"Transforming our urban transportation system is a multi-year, many billion-dollar project," Nichols said. "We built the system over decades. We're heavily invested in the status quo. To make it happen, we're going to have to do many things," including regulation and subsidizing cleaner vehicles.
About $131 million of cap-and-trade funds has gone for rebates on purchases of low- and zero-emission cars. Those ranged from $1,500 for plug-in electric vehicles to $5,000 for fuel-cell electric cars. Another $160 million is proposed for the current fiscal year.
Roughly $122 million will finance "sustainable housing," homes located near buses, light rail and trolleys, with a portion reserved for lower-income residents. The goal is to help those people avoid commuting long distances by car.
Funds to ease water consumption
The drought-plagued state also is giving cap-and-trade money to cut water use.
A number of cities and water authorities will receive about $2.5 million each for projects to shrink consumption, which also pares energy use and greenhouse gas emissions. Farms receiving the money have pledged to shrink water and energy use.
F & D Giacomazzi Farms in Tulare is receiving $150,000 to install drip irrigation as a replacement for flood irrigation on its almond trees. It's also adding 1 megawatt of solar. Broken Earth Winery in San Luis Obispo will get $4,657 to put in weather and soil moisture monitoring hardware.
About $29.2 million of the cap-and-trade money will add solar to the homes of 1,780 low-income residents, while $41.1 million will fund improvements like better insulation and solar water heaters. In Fresno, SunPower is supplying the photovoltaic panels for the part of the project in that area, a small slice of the statewide total for solar.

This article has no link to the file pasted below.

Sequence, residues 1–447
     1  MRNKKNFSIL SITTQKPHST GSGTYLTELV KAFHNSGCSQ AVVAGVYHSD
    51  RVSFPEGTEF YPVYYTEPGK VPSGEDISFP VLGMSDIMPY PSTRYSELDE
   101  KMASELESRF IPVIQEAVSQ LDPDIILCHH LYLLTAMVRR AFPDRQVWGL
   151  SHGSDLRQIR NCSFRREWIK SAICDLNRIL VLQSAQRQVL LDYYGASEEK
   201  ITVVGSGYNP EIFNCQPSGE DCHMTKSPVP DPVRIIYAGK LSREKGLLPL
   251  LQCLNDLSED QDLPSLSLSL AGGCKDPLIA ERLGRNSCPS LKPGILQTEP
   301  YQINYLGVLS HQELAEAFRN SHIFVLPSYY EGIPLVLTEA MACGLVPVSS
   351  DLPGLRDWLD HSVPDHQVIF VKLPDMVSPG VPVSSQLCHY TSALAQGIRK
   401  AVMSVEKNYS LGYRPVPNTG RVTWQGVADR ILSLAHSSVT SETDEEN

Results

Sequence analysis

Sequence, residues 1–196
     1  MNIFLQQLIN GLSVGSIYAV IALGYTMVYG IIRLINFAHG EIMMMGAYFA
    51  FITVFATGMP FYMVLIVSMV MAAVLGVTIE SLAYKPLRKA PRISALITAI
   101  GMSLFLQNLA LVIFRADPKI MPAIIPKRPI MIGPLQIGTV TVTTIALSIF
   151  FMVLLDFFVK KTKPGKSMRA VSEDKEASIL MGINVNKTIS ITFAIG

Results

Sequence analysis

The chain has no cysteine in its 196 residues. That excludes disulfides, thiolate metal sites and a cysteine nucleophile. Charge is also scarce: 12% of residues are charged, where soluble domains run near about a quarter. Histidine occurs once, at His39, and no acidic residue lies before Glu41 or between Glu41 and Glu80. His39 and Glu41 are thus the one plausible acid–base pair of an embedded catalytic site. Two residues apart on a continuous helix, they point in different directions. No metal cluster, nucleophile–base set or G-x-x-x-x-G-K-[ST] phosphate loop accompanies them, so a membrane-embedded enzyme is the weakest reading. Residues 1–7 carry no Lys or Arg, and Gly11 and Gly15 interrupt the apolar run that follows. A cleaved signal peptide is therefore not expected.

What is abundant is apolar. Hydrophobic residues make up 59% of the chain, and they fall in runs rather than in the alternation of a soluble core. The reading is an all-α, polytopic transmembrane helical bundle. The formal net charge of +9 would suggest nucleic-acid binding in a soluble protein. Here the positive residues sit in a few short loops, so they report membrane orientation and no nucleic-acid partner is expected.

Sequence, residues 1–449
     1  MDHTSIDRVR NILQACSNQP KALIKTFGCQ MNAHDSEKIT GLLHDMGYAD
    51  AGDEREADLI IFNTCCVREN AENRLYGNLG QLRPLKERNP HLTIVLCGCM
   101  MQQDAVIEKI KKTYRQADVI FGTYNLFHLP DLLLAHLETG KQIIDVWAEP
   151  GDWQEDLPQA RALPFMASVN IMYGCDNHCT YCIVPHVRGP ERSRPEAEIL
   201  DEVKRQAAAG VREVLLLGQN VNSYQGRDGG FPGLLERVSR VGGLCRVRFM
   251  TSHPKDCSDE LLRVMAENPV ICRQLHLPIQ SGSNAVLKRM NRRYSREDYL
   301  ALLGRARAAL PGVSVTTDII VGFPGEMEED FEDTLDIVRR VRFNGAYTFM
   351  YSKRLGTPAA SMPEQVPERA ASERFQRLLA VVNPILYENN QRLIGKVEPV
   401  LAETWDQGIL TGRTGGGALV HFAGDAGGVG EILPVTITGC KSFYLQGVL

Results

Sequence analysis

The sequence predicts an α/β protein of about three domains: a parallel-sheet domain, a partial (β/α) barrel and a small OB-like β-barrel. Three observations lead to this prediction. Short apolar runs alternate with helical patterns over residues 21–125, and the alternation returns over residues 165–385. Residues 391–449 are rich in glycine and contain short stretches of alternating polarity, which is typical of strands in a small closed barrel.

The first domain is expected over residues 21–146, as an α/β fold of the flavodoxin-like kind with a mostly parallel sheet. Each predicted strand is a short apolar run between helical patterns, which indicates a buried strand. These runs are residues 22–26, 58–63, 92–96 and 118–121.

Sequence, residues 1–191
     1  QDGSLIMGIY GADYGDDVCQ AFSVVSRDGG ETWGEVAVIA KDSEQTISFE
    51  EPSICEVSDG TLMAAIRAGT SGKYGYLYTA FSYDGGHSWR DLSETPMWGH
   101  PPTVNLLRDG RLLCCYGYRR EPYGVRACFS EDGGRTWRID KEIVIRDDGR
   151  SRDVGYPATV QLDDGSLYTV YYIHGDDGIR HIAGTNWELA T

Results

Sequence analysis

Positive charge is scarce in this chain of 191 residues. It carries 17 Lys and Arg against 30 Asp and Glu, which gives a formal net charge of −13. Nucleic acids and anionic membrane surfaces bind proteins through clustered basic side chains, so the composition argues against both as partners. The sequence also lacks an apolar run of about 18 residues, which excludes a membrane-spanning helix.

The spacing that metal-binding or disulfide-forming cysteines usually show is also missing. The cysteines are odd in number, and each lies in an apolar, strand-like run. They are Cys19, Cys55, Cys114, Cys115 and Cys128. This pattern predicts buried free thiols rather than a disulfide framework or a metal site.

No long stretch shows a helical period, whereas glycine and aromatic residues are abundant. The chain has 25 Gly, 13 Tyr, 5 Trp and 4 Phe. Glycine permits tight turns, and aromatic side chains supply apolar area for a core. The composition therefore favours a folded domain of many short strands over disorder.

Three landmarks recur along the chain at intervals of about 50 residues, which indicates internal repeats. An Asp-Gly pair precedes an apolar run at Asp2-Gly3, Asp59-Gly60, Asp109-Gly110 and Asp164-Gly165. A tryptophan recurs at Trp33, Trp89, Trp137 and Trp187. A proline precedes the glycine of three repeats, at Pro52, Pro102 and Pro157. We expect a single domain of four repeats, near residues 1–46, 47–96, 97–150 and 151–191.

Linda Vang, 40, a Fresno resident, won a grant that added rooftop solar on the three-bedroom home she shares with her husband and 10 children, ages 2 to 20.
Before the panels were added, their electric bills averaged about $200 per month, which they struggled to afford with her husband's $40,000-a-year bus driver salary. Vang sometimes borrowed money from her sister-in-law to get by, she said. With the PV panels, her last monthly electric bill was $15.
"I'm happy because I have money to buy food for the kids, to buy clothes for the kids to go back to school," Vang said. "It's a very good program."
The Legislature gets to decide how to spend 40 percent of auction proceeds. For the current fiscal year, lawmakers haven't settled on where to spend those dollars.
There are bills seeking to fund far more than is currently available, according to a report from the California Taxpayers Association. It said that state lawmakers have proposed rolling out more than $4.8 billion in cap-and-trade revenue -- four times the total amount that Brown's budget projects will be available. The state Legislative Analyst's Office, or LAO, a nonpartisan watchdog, said in February that the total in auction proceeds could rise if allowance prices climb.
Regional equity challenged